Pub Date: Aug. 13, 2019

ISBN: 978-0-525-50928-8

Page Count: 320

Publisher: One World/Random House

Review Posted Online: April 28, 2019

Kirkus Reviews Issue: May 15, 2019

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A clear and candid contribution to an essential conversation.


Straight talk to blacks and whites about the realities of racism.

In her feisty debut book, Oluo, essayist, blogger, and editor at large at the Establishment magazine, writes from the perspective of a black, queer, middle-class, college-educated woman living in a “white supremacist country.” The daughter of a white single mother, brought up in largely white Seattle, she sees race as “one of the most defining forces” in her life. Throughout the book, Oluo responds to questions that she has often been asked, and others that she wishes were asked, about racism “in our workplace, our government, our homes, and ourselves.” “Is it really about race?” she is asked by whites who insist that class is a greater source of oppression. “Is police brutality really about race?” “What is cultural appropriation?” and “What is the model minority myth?” Her sharp, no-nonsense answers include talking points for both blacks and whites. She explains, for example, “when somebody asks you to ‘check your privilege’ they are asking you to pause and consider how the advantages you’ve had in life are contributing to your opinions and actions, and how the lack of disadvantages in certain areas is keeping you from fully understanding the struggles others are facing.” She unpacks the complicated term “intersectionality”: the idea that social justice must consider “a myriad of identities—our gender, class, race, sexuality, and so much more—that inform our experiences in life.” She asks whites to realize that when people of color talk about systemic racism, “they are opening up all of that pain and fear and anger to you” and are asking that they be heard. After devoting most of the book to talking, Oluo finishes with a chapter on action and its urgency. Action includes pressing for reform in schools, unions, and local governments; boycotting businesses that exploit people of color; contributing money to social justice organizations; and, most of all, voting for candidates who make “diversity, inclusion and racial justice a priority.”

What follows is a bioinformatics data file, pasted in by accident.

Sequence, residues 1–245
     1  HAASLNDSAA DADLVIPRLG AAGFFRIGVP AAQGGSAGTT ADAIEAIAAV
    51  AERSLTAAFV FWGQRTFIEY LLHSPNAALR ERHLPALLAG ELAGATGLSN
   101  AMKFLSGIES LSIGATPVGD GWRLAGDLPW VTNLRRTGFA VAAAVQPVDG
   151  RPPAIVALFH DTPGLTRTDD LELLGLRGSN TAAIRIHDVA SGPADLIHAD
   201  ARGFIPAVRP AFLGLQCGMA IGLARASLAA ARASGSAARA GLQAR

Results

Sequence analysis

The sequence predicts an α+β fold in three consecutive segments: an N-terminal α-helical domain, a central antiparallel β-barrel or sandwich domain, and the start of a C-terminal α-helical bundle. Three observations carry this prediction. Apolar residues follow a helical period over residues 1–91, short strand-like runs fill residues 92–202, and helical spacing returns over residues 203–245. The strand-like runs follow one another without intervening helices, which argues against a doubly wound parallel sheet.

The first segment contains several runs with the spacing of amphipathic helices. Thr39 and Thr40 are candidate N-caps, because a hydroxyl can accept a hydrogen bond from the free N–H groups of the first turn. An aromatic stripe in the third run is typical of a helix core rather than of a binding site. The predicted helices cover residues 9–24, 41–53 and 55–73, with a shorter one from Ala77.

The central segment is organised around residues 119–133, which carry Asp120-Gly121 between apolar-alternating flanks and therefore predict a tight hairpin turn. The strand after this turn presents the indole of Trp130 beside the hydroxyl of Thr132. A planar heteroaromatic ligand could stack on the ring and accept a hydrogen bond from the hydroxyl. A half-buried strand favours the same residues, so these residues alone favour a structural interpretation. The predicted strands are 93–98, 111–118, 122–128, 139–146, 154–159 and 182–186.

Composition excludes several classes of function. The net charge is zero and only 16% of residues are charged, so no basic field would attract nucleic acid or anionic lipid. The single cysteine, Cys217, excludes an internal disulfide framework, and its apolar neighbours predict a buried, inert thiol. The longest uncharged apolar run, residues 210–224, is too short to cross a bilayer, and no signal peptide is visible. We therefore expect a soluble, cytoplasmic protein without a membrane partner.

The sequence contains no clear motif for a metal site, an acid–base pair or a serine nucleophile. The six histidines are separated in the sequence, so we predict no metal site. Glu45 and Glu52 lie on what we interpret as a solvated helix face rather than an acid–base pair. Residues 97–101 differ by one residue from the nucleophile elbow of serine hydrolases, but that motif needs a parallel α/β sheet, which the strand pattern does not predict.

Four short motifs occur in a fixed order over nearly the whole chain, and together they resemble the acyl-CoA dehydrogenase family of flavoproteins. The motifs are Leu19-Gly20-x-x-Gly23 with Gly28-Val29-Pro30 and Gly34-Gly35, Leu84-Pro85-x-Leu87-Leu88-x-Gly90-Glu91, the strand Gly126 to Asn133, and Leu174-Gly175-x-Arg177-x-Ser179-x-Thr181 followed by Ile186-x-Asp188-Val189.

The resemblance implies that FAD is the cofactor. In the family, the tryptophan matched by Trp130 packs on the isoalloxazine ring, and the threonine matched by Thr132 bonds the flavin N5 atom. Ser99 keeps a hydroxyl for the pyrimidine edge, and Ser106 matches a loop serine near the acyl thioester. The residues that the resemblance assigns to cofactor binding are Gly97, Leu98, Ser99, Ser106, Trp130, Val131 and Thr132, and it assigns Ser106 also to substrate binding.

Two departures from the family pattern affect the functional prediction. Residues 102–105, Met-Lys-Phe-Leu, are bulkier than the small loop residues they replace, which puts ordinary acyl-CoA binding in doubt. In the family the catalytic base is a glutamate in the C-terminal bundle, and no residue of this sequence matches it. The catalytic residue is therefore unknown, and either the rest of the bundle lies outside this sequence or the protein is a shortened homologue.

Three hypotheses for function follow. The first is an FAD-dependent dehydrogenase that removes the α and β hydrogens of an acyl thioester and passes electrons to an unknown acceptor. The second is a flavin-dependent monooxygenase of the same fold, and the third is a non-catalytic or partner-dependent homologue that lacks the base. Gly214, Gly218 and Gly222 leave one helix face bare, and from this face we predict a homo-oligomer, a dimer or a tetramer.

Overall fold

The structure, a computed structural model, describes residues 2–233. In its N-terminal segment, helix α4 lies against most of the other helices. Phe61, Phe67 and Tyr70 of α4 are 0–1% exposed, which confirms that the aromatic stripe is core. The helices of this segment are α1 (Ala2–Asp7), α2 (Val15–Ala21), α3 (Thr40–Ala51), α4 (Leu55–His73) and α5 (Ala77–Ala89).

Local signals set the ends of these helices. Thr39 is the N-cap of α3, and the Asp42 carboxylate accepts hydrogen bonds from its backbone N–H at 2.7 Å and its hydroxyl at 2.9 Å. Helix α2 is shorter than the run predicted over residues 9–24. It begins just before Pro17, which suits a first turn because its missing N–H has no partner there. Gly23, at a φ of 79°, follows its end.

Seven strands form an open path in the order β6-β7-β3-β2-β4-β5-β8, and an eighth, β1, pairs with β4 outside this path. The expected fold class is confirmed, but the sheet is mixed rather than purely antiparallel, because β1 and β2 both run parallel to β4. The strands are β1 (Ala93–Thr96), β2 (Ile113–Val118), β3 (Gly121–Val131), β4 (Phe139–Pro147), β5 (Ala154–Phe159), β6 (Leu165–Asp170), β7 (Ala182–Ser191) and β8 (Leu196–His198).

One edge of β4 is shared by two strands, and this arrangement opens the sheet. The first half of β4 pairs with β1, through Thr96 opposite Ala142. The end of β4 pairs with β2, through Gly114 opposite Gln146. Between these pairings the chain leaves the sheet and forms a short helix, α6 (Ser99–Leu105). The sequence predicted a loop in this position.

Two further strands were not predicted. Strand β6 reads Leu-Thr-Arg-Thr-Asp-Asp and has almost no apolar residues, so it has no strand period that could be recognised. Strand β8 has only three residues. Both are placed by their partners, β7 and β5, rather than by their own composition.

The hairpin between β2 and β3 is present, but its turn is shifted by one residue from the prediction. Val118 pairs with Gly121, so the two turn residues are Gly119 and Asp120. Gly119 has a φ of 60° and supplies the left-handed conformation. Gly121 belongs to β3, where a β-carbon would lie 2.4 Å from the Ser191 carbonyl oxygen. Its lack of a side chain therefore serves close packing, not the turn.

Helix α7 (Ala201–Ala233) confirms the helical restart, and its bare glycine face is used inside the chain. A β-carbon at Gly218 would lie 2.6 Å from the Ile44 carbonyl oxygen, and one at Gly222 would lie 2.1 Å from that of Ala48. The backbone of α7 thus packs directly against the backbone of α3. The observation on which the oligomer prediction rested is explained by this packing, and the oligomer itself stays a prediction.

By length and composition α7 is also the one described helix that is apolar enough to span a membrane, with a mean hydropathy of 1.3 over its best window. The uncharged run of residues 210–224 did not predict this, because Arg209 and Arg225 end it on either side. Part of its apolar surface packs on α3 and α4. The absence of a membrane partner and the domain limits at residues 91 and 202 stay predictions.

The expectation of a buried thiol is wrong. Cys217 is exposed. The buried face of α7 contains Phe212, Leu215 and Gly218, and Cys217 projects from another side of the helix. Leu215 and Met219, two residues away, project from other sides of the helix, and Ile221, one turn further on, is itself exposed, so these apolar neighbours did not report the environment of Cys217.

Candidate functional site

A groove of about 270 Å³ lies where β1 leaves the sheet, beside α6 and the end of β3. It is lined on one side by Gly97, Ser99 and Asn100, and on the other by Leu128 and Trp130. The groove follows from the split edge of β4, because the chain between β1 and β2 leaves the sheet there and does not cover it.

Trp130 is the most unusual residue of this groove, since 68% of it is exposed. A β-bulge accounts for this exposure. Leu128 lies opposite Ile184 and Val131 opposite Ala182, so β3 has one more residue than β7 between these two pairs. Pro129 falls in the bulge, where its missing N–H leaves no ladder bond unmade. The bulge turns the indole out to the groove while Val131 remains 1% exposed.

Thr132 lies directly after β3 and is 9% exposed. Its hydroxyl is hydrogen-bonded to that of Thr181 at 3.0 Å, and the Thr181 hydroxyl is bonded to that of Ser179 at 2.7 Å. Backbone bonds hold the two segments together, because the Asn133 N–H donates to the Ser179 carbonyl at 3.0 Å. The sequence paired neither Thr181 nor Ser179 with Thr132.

A clear and candid contribution to an essential conversation.

Pub Date: Jan. 16, 2018

ISBN: 978-1-58005-677-9

Page Count: 256

Publisher: Seal Press

Review Posted Online: Oct. 9, 2017

Kirkus Reviews Issue: Nov. 1, 2017